Sala-Cunill A, Cardona V, Labrador-Horrillo M, Luengo O, Esteso O, Garriga T, Vicario M, Guilarte M. Usefulness and limitations of sequential serum tryptase for the diagnosis of anaphylaxis in 102 patients. Int Arch Allergy Immunol. 2013;160(2):192-9.
“Nowadays, serum tryptase concentration is the most used laboratory test to confirm anaphylaxis. According to current knowledge, tryptase is the best biomarker to assess mast cell activation. Levels are increased from 15 min to 3 h after anaphylaxis onset [4,6]. Although an elevated tryptase concentration supports this diagnosis, failure to document an elevation does not refute anaphylaxis. This is true even if the blood sample has been obtained adequately, and especially in cases of food-induced anaphylaxis where tryptase often remains low . Serial measurements of total serum tryptase have been shown to increase the sensitivity and specificity of the test [8,9]. Also, measurement of tryptase at baseline, obtained at least 24 h after resolution of symptoms, has been recommended in ascertaining whether or not anaphylaxis has occurred .
Therefore, the aim of our study was to determine sequential serum tryptase concentration in patients with anaphylaxis, both during the acute episode and at baseline, and to evaluate its usefulness in the diagnosis of anaphylaxis and as a marker related to the clinical severity of the reaction.”
Vadas P, Perelman B, Liss G. Platelet-activating factor, histamine, and tryptase levels in human anaphylaxis. J Allergy Clin Immunol. 2013 Jan;131(1):144-9.
(Comment in: Serum tryptase determination in patients with acute allergic reactions. J Allergy Clin Immunol. 2013. Emory access.)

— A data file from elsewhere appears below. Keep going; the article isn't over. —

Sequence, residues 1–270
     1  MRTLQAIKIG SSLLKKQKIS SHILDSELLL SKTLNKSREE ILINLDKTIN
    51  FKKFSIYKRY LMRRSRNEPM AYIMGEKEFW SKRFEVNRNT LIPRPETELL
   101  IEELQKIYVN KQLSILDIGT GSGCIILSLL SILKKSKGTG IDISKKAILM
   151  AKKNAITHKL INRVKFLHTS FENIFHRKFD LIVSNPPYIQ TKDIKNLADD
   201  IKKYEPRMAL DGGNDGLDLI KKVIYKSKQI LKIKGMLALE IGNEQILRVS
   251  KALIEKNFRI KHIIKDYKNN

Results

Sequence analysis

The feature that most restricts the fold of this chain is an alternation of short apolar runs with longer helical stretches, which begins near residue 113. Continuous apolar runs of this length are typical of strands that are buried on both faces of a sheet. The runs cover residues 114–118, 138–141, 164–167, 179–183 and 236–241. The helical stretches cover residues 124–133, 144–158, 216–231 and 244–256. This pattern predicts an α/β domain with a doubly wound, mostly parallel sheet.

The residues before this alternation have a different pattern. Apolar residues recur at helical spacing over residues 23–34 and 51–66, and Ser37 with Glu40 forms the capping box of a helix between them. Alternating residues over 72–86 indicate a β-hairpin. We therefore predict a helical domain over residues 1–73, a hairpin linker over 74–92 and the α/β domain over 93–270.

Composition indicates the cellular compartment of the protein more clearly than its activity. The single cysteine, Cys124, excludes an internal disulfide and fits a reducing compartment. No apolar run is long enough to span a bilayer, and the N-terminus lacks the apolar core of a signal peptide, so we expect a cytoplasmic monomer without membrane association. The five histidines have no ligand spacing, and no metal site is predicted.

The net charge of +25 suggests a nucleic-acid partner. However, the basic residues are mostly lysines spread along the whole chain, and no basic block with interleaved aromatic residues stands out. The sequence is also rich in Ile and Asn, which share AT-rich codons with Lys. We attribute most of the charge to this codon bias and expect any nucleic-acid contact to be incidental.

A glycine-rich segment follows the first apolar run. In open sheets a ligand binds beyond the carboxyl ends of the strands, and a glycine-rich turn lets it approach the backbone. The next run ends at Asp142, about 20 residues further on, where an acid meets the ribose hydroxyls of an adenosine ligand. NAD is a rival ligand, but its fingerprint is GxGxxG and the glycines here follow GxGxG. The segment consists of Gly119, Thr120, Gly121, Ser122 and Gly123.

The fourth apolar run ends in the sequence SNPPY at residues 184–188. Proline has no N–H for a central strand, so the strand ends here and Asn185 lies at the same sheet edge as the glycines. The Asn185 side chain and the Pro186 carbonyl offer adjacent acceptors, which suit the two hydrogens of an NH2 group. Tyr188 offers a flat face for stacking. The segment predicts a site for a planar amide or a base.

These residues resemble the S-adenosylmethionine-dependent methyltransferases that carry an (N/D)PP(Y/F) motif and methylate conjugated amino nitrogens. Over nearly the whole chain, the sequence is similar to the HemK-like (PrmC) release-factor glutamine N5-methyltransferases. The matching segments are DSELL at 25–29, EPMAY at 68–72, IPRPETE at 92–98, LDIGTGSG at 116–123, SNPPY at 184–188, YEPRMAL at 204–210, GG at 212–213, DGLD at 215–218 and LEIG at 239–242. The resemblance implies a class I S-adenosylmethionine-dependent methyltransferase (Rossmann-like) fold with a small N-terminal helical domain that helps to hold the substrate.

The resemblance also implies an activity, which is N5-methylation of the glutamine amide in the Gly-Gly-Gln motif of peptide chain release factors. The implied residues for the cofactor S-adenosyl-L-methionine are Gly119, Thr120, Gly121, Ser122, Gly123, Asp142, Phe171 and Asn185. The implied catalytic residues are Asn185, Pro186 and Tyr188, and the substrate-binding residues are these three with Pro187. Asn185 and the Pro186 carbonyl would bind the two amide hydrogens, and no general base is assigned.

“The PAF level was significantly elevated in proportion to the severity of acute allergic reactions. Whereas the PAF level was elevated in all patients with severe anaphylaxis, this was not true for either histamine or tryptase. Neither histamine nor tryptase showed as good correlations with severity scores as did PAF. These data are consistent with a pivotal role for PAF as a mediator of anaphylaxis.”
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Michalska-Krzanowska G. Tryptase in diagnosing adverse suspected anaphylactic reaction. Adv Clin Exp Med. 2012 May-Jun;21(3):403-8.
“Determination of serum mast cell tryptase (MCT) is becoming more widely used in diagnosing allergic reactions involving mast cells. It can help evaluate the allergenic effects of drugs administered during anesthesia and the perioperative period. Until now, data about the role of tryptase in the body has not been clarified yet. Patients with elevated MCT levels should undergo further testing to find out the causative agent of a potential allergic reaction. Patients with normal tryptase concentration should also undergo further diagnosis if they manifest clinical symptoms of a severe anaphylactic reaction.”
Schwartz LB. Diagnostic value of tryptase in anaphylaxis and mastocytosis. Immunol Allergy Clin North Am. 2006 Aug;26(3):451-63.
“Serum (or plasma) levels of total and mature tryptase measurements are recommended in the diagnostic evaluation of systemic anaphylaxis and systemic mastocytosis, but their interpretation must be considered in the context of a complete workup of each patient. Total tryptase levels generally reflect the increased burden of mast cells in patients with all forms of systemic mastocytosis (indolent systemic mastocytosis, smoldering systemic mastocytosis, systemic mastocytosis associated with a hematologic clonal non-mast cell disorder, aggressive systemic mastocytosis, and mast cell leukemia) and the decreased burden of mast cells associated with cytoreductive therapies in these disorders. Causes of an elevated total tryptase level other than systemic mastocytosis must be considered, however, and include systemic anaphylaxis, acute myelocytic leukemia, various myelodysplastic syndromes, hypereosinophilic syndrome associated with the FLP1L1-PDGFRA mutation, end-stage renal failure, and treatment of onchocerciasis. Mature (beta) tryptase levels generally reflect the magnitude of mast cell activation and are elevated during most cases of systemic anaphylaxis, particularly with parenteral exposure to the inciting agent.”
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More PubMed results for tryptase and anaphylaxis.